Understanding the relationship between human beings and nature

Dr Margarita Segovia Roldán & Prof Julia Martin Ortega

Even the Rain (Icíar Bollaín, 2010), the film screened at our last CineScience in Leeds, (besides dealing with a very interesting topic about the Water War in Bolivia and the parallelism between it and the conquest of America) presents a very good opportunity to reflect on the possibilities offered by the social sciences to tackle complex socio-ecological problems.

 

Fig. 1 Prof Martin-Ortega during her talk at the CineScience event on Social Sciences and Environment

The film highlights the importance of the ecological economics (discipline of the social sciences) to study the relationship between human beings, their communities and neighbouring communities, and the natural environment in which they live.

Currently, the paradigm that used to assume that environmental management could be treated as a technical problem for which an “optimal” solution can be found is obsolete. Today, from the social sciences, we are more aware of the need to address environmental conflicts (such as the central theme of the film about access to water) by studying the interaction of many multidimensional factors and operating at different scales and with different degrees of uncertainty. Knowing how all the factors interact, we can find better ways to manage conflicts and minimize the impacts. The contexts in which a ‘solution’ to problems can be found are rare, but in general, we need to find “ways to manage them” to minimize the impacts and try to maintain a certain degree of equity in the distribution of costs and benefits between all those agents involved.

Fig. 2 Image from the movie “Even the Rain”

If we take a look at the way in which this film tries to narrate this conflict, it would be a mistake to interpret its content in simplistic terms. For example, we cannot assume that in this story there are very good “good guys” (indigenous people) and very bad “bad guys” (see the water company, in the current social context, as well as the “Spanish” in the historical context). The issue is much more complex and includes elements such as the clash between conflicting visions of the world and the legacy of historical processes. This type of conflict goes much further, preventing only a mere moral positioning. Therefore, this story can and must also be approached from a scientific perspective, that provided by the social sciences, and is the field of study of our guest to this session, Dr. Julia Martin Ortega, Professor in Ecological Economics.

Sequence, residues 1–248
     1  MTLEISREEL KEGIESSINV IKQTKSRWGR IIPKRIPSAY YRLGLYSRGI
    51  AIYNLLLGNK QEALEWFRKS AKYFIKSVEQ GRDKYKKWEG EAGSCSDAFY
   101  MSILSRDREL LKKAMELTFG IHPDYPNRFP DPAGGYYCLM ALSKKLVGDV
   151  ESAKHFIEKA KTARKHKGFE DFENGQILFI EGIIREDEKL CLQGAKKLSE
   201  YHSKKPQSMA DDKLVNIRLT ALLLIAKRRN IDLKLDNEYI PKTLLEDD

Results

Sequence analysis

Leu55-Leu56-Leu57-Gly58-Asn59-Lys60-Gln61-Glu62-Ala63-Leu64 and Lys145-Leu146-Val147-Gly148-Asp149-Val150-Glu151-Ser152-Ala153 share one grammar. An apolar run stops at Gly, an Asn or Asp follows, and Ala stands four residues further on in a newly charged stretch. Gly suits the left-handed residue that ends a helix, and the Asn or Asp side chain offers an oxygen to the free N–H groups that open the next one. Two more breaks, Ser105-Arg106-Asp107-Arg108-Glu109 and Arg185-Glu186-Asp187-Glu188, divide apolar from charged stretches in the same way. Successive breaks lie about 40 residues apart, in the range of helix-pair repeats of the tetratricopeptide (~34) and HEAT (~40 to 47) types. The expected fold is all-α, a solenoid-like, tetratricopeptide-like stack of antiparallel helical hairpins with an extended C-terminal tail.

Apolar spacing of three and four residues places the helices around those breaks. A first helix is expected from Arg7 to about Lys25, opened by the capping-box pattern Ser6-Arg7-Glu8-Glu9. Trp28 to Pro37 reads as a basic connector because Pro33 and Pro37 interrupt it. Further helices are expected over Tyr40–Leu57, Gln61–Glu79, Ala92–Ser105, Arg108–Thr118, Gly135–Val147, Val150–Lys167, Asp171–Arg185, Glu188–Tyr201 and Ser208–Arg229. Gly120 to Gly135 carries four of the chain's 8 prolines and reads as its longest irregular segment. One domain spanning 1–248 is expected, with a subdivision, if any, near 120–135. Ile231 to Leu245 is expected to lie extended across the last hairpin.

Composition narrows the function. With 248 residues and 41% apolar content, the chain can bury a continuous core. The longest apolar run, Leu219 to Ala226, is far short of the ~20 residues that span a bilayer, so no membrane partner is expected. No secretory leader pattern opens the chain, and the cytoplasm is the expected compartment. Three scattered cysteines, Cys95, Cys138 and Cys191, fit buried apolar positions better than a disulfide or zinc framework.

Even the Rain exposes different issues to be addressed, such as, for example, the debate about the privatization of the water service and how this can have effects on the commercialization of natural resources or the change in mentality on how they should be managed. All this is related to issues such as efficiency in the management of resources, distributive justice, the participation of communities in decision-making that directly affect them, and thus, numerous factors that affect social policies and the relationship between human groups with nature.

Fig. 3 Field work in social sciences: Interview with members of the community in the Usumacinta Roc project in Chiapas

 

In summary, these are all issues that can be addressed from social sciences such as ecological economics and that allow us to have a more comprehensive vision of environmental problems, as well as help to establish mechanisms and paths that help us face the great challenges of our present and future on the planet.

 

By Prof Julia Martin Ortega from the school of Earth and Environment at the University of Leeds and Dr Margarita Segovia Roldán, Research Associate at the University of Sheffield. Members of SRUK-Yorkshire.

https://elpais.com/elpais/2015/07/13/planeta_futuro/1436796771_984802.html

http://usumacintaroc-project.org

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